Minerals boost Rwanda’s revenue from exports

Monday March 12 2018

Miners filter minerals at a site.

Miners filter minerals at a site. Rwanda’s tin, coltan and wolfram exports regained footing to fetch the highest revenues for the counry, contributing a combined $125 million in 2017. FILE PHOTO | NATION 

By IVAN R. MUGISHA
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Rwanda's trade deficit reduced by 21.7 per cent in 2017 due to improved international prices that boosted revenues collected from the country’s exports.

This represents a fall in Rwanda’s negative balance from $1.6 billion in 2016 to $1.27 billion in 2017.

This is according to the Monetary and Police Policy and Financial Stability report launched by the National Bank of Rwanda last week.

In total, export revenue increased by 57.6 per cent to $943 million while volumes increased by 36 per cent.

After three consecutive years of low international prices for minerals, Rwanda’s tin, coltan and wolfram exports regained footing to fetch the highest revenues for Rwanda, contributing a combined $125 million in 2017. This is an increase of 44.6 from the previous year.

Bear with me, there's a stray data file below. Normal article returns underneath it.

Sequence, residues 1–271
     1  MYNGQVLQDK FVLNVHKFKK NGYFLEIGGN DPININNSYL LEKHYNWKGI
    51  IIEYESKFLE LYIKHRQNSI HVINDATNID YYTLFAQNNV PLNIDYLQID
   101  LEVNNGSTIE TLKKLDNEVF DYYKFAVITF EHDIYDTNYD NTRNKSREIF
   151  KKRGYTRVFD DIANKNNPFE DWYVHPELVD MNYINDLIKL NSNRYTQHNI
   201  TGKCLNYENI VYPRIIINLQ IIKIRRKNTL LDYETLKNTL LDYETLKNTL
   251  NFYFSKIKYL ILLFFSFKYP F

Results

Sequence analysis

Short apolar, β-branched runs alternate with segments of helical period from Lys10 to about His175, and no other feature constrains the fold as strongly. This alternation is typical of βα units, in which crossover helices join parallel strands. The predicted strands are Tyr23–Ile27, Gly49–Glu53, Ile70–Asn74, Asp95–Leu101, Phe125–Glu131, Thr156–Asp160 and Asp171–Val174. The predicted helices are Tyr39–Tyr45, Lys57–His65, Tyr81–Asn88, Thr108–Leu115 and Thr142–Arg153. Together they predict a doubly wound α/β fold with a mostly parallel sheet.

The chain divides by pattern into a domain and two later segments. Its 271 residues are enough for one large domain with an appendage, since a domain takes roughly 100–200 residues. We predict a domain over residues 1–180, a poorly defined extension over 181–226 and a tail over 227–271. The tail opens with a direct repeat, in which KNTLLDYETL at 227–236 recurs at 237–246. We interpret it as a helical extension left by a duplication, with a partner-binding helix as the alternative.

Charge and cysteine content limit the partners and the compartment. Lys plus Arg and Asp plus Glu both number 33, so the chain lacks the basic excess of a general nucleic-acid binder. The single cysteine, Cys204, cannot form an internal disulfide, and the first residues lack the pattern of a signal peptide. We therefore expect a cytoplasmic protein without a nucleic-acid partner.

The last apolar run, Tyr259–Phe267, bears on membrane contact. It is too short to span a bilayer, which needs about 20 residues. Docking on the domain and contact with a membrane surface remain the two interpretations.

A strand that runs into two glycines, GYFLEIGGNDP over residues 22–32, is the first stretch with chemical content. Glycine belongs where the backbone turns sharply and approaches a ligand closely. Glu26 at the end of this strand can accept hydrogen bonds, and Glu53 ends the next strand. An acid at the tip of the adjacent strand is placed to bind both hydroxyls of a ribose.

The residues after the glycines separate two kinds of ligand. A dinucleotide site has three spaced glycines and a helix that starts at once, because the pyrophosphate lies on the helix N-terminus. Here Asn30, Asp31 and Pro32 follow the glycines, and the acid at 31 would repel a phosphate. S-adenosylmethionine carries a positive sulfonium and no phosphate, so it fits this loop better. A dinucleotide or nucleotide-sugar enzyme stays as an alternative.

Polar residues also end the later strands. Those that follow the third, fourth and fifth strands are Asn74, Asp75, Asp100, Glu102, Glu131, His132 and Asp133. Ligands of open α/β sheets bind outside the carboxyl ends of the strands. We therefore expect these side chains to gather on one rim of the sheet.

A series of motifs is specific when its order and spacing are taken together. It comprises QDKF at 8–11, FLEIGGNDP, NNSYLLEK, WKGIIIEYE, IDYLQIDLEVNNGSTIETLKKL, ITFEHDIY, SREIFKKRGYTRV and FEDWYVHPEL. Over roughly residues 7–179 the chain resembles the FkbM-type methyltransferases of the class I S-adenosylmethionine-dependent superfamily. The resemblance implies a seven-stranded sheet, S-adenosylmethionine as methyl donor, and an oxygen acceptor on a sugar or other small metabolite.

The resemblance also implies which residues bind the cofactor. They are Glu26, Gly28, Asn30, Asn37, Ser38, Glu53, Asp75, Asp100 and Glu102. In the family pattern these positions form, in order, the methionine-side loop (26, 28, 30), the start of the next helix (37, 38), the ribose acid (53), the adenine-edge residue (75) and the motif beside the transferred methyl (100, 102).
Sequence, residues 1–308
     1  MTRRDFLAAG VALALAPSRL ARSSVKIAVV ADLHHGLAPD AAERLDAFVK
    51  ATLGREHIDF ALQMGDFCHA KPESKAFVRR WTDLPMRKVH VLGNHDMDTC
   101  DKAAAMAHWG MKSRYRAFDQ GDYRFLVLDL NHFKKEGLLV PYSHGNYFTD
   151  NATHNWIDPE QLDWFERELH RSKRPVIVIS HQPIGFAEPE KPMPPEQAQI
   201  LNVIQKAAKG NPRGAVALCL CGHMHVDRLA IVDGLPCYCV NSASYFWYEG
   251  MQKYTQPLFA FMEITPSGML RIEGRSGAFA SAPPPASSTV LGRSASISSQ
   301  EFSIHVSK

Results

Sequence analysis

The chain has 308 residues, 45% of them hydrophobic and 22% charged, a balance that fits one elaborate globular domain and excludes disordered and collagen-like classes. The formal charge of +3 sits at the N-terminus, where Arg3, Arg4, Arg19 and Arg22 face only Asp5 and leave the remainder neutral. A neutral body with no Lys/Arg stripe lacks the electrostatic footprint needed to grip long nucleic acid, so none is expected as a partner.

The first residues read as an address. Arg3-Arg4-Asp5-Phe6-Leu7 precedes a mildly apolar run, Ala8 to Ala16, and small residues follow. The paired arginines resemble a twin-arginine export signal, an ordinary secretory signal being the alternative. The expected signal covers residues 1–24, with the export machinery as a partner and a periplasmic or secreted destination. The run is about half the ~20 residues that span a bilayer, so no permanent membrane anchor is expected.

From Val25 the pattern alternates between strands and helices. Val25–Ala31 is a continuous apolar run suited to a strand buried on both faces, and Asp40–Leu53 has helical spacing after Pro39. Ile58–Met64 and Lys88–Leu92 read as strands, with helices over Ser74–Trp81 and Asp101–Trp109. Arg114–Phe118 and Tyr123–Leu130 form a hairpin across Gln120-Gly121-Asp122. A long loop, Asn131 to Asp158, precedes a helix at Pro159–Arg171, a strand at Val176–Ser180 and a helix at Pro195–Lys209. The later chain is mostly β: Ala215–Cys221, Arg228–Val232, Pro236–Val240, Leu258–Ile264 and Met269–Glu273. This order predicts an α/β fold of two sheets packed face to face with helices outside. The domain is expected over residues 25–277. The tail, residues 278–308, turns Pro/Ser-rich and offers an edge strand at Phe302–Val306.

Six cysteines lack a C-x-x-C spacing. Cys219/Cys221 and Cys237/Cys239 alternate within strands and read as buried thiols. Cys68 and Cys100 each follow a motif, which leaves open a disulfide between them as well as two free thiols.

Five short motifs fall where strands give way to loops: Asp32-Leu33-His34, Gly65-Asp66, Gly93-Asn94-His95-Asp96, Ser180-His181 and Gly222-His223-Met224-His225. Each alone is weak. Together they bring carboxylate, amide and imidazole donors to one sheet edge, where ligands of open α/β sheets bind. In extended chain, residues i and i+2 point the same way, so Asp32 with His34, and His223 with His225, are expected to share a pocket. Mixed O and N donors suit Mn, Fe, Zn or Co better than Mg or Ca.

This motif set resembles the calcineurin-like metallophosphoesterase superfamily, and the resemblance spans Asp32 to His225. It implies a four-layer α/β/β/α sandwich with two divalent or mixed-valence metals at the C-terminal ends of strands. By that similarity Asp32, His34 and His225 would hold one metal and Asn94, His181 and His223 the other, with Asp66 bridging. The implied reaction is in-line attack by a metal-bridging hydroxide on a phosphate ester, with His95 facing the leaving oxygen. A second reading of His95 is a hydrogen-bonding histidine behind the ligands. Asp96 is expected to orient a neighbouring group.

The mining sector is, however, still dogged by the exportation of raw minerals which fetch low prices than processed minerals on the international market, Central bank Governor, John Rwangombwa said.

“The artisanal miners are disorganised and have little capacity to come up with bankable projects. The banks don’t really understand the sector very well and are reluctant to lend,” Mr Rwangombwa said.

“There are, however, changes in the sector spearheaded by the government, aimed at modernising the sector and this will help the artisanal miners going forward.”

Minerals were followed by coffee, whose export value increased by 9.6 per cent to $64 million; and tea which fetched $63 million, an increase of 33 per cent.

On the other hand, imports to Rwanda slightly declined by 0.4 per cent to $2.21 billion in 2017 from $2.22 billion the previous year.

“The decrease in the value of formal imports was largely driven by a decline of 12.4 per cent of capital goods, including machines, tools and devices,” Mr Rwangombwa said.

“This is related to the phasing out of some major construction projects, especially big hotels that imported machines to undertake construction in June 2016.”

Importation of clothes also drastically fell by 17 per cent in 2017 after government slapped a levy of 2.5 per cent per kilogramme of imported used clothes from 0.2 per cent, which was aimed at promoting Rwanda’s garment factories.